“There is no taboo here about saying that you see a professional two or three times a week,” said Tiziana Fenochietto, 29, a psychiatrist doing her residency at the Torcuato de Alvear Hospital for Psychiatric Emergencies, a public institution. “On the contrary,” said Ms. Fenochietto, who has been in therapy herself for the past eight years, “it is chic.”
One need not wander far in this city to get a grip on the resilient obsession with neuroses of various stripes. The name Villa Freud is a nod not only to the Austrian founding father of psychoanalysis, but also to the number of psychologists who ply their trade in the buildings along the elegant streets around Plaza Güemes, in northern Buenos Aires.
A short cab ride away, in the theater district along Avenida Corrientes, lines form each night where the local adaptations of two hit plays have opened side by side: “Freud’s Last Session,” currently an imagined debate between Sigmund Freud and C. S. Lewis, and “Toc Toc,” about obsessive-compulsive disorder.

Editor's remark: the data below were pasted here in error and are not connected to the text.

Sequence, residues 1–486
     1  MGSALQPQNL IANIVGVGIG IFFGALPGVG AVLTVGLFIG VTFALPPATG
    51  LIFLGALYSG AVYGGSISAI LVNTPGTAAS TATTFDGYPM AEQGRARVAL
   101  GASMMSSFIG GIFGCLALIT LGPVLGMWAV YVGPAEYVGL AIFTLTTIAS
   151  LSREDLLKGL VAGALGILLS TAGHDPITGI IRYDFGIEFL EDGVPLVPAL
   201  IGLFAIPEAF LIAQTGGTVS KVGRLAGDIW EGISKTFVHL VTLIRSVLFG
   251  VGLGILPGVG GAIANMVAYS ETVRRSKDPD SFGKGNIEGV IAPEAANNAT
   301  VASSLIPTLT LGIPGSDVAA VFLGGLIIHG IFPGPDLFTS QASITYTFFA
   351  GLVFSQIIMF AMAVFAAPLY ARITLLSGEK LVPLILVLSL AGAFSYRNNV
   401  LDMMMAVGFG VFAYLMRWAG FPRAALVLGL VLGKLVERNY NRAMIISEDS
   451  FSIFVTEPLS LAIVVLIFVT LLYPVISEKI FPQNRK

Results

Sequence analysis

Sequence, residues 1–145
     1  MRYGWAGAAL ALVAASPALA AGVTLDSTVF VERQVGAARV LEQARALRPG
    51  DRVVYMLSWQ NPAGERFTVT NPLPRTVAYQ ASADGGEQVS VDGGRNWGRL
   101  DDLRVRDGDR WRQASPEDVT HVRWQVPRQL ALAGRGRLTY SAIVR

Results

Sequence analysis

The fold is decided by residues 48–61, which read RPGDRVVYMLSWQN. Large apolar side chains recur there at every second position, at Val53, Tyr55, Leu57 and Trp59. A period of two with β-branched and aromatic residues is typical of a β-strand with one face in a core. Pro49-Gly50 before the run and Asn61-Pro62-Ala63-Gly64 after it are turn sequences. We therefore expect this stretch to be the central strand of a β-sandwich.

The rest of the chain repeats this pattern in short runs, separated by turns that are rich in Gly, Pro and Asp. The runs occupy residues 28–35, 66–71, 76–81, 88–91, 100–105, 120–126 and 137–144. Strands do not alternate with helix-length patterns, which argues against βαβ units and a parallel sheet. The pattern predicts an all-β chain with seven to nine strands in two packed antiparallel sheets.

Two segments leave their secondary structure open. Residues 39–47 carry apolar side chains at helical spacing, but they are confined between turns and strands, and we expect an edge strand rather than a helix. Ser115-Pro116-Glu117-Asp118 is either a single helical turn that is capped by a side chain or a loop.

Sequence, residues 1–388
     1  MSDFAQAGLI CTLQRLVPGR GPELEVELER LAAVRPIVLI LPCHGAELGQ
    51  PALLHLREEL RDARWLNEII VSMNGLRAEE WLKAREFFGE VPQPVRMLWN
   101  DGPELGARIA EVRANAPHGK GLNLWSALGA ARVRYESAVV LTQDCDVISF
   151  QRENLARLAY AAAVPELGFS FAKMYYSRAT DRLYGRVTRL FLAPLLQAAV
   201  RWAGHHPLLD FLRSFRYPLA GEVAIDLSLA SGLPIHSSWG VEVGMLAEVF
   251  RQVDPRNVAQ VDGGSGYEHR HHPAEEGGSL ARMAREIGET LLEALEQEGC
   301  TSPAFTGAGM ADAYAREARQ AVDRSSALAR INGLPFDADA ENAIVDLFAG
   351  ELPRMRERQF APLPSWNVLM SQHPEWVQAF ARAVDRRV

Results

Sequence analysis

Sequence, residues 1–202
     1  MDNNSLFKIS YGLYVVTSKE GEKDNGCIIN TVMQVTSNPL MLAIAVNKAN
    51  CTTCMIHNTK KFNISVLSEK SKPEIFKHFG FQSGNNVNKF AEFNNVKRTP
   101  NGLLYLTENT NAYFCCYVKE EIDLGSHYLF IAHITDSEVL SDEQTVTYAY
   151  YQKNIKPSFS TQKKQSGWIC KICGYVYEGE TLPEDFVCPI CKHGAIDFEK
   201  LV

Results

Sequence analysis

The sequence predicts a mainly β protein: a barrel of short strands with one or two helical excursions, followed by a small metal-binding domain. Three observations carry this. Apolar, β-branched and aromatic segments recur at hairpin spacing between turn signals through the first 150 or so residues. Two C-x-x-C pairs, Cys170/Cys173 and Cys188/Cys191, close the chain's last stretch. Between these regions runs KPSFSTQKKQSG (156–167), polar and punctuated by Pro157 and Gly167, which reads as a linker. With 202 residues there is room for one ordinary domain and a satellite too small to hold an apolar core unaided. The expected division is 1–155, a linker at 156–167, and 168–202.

Slip into many bookstores here, and tomes abound written by Argentines about the psychological ills that plague people, and their cures. Malele Penchansky’s “Universal History of Hysteria” and Alejandro Dagfal’s “Between Paris and Buenos Aires: The Invention of the Psychologist” are among the offerings. A new prizewinning Argentine comic book, “Repairer of Dreams,” even blends psychoanalysis into the tale of a dystopian city called Polenia.
Psychoanalysis is not just for Argentina’s moneyed classes, with some psychoanalysts in the state medical system offering patients free sessions. And while some private health plans do not pay for psychoanalysis, insurance programs for some unionized workers cover dozens of therapy sessions a year.